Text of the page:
skip navigation


Register for Latest Research

Stay Informed
Register with NCJRS to receive NCJRS's biweekly e-newsletter JUSTINFO and additional periodic emails from NCJRS and the NCJRS federal sponsors that highlight the latest research published or sponsored by the Office of Justice Programs.

NCJRS Abstract

The document referenced below is part of the NCJRS Virtual Library collection. To conduct further searches of the collection, visit the Virtual Library. See the Obtain Documents page for direction on how to access resources online, via mail, through interlibrary loans, or in a local library.


NCJ Number: 149012 Find in a Library
Title: Terry Stop - Permissible Use of Force
Journal: Crime to Court: Police Officer's Handbook  Dated:(June 1994) complete issue
Author(s): J C Coleman
Date Published: 1994
Page Count: 23
Type: Training (Aid/Material)
Format: Article
Language: English
Country: United States of America
Annotation: This handbook examines the application of the "Terry" stop in the case of United States v. Crittendon (883 F2d 326) and considers police procedure in the handling of an epileptic complex partial seizure.
Abstract: The case of Terry v. Ohio is the seminal case handed down by the U.S. Supreme Court, which permits police to stop and question persons upon reasonable suspicion that the suspects might be engaged or about to be engaged in the commission of crime. The Court also held in "Terry" that police had the right, if they had reasonable suspicion that a suspect might be armed and dangerous, to conduct a pat- down search of the suspect for weapons. The issues considered in United States v. Crittendon were when an investigatory stop ripens into a full-blown arrest and how much force, if any, a police officer can use to detain a suspect until the investigation has been completed. Legal principles drawn from the Terry case and the subsequent Crittendon case are that police may make a stop of an individual for investigative purposes upon reasonable suspicion (based upon articulable facts) that criminal activity may be afoot. Further, an attempt to flee by a suspect upon being approached by officers can create reasonable suspicion to justify a Terry stop. A pat-down search for weapons is justified in a Terry stop if the officer has reason to believe that the suspect is armed and dangerous. The forcible temporary detention of a suspect in a Terry stop does not convert the detention into an arrest so long as the methods of restraint are reasonable in the circumstances. The circumstances of a Terry stop can in some cases support an officer's belief that a frisk for weapons is necessary. Some Federal courts of appeal have held or inferred that justification for possession of firearms can be a valid defense to a Federal charge of possession of firearms by a convicted felon. The first part of a two-part series on misinformation and misinformed attitudes by police officers toward persons under an epileptic seizure (complex partial seizure) identifies the symptoms of such seizures. Police procedures for dealing with persons having such symptoms are described.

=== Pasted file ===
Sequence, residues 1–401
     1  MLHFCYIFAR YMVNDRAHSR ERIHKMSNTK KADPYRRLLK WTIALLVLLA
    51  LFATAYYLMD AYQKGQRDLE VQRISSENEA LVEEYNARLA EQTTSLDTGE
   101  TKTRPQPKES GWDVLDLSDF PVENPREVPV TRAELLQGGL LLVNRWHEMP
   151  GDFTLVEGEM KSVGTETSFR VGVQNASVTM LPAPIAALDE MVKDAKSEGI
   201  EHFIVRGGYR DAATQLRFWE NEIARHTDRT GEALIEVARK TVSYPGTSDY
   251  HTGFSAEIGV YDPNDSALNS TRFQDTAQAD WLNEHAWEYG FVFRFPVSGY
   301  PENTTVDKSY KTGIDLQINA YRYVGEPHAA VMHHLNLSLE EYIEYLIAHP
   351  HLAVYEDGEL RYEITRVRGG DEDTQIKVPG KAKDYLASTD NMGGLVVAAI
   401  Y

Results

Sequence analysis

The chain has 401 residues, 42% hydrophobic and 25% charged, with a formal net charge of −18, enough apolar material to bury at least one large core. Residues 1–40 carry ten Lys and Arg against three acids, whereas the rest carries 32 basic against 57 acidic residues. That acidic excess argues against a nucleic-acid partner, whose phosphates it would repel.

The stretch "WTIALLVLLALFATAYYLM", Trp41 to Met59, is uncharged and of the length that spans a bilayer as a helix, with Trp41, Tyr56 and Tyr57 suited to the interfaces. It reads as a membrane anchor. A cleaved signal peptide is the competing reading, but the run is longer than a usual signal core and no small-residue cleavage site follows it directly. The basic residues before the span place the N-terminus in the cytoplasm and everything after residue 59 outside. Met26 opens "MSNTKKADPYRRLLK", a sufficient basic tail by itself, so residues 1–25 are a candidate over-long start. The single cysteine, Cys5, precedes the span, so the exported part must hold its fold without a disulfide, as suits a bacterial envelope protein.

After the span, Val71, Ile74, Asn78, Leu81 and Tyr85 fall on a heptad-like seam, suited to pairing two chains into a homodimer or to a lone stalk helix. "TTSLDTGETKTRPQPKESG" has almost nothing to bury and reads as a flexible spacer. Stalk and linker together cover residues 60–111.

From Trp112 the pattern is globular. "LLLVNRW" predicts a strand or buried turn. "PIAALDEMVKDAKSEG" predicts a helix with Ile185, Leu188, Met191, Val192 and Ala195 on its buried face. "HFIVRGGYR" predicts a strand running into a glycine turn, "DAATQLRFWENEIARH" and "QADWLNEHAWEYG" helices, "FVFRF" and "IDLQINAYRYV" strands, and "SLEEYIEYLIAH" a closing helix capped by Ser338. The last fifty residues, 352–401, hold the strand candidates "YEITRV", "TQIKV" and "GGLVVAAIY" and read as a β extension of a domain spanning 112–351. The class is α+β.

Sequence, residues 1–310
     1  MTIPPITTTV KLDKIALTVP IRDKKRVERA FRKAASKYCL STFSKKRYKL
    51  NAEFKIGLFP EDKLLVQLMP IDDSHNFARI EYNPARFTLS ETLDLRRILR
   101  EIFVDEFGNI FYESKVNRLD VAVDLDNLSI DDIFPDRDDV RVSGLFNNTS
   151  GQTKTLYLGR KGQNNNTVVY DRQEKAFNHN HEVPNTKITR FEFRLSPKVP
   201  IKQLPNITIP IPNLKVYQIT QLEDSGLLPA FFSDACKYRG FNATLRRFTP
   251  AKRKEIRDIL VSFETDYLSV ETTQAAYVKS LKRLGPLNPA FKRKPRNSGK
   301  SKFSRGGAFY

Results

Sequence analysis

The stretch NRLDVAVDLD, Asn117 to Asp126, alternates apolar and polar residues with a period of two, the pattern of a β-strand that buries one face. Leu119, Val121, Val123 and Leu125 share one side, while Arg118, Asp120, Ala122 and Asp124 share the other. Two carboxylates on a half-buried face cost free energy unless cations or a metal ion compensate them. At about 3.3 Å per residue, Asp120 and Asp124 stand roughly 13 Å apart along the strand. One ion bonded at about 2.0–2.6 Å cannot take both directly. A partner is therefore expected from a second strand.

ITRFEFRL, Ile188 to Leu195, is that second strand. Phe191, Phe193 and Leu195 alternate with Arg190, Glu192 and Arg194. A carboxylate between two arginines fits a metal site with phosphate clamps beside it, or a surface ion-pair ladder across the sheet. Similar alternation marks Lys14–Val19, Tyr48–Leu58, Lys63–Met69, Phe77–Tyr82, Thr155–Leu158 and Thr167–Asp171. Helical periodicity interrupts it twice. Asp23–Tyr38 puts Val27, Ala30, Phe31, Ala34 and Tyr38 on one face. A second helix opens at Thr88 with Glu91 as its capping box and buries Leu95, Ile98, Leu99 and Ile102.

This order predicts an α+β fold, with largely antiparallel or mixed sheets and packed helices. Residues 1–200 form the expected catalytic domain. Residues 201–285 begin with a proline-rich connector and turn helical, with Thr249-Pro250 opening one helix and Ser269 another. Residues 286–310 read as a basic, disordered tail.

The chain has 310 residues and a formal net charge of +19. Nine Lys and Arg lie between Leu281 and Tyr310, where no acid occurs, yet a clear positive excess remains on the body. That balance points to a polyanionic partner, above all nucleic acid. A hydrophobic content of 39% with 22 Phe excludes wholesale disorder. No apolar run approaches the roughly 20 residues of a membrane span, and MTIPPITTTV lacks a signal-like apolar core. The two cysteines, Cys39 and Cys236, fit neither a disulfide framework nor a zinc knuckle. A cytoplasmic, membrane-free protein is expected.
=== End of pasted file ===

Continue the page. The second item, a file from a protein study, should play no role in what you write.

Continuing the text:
Main Term(s): Police legal limitations
Index Term(s): Courts; Detention; Lawful use of force; Police policies and procedures; Stop and frisk
To cite this abstract, use the following link:

*A link to the full-text document is provided whenever possible. For documents not available online, a link to the publisher's website is provided. Tell us how you use the NCJRS Library and Abstracts Database - send us your feedback.